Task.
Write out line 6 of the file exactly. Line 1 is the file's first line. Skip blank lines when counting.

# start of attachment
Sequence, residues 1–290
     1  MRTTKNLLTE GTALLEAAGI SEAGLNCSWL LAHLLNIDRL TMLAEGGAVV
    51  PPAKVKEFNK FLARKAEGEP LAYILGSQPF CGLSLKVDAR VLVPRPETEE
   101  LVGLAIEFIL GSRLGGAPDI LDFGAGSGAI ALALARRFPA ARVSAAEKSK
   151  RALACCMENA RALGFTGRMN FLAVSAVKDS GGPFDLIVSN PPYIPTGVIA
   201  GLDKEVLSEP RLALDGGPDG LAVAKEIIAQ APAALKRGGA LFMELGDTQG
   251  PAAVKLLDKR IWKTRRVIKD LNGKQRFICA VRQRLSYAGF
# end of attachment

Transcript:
   201  GLDKEVLSEP RLALDGGPDG LAVAKEIIAQ APAALKRGGA LFMELGDTQG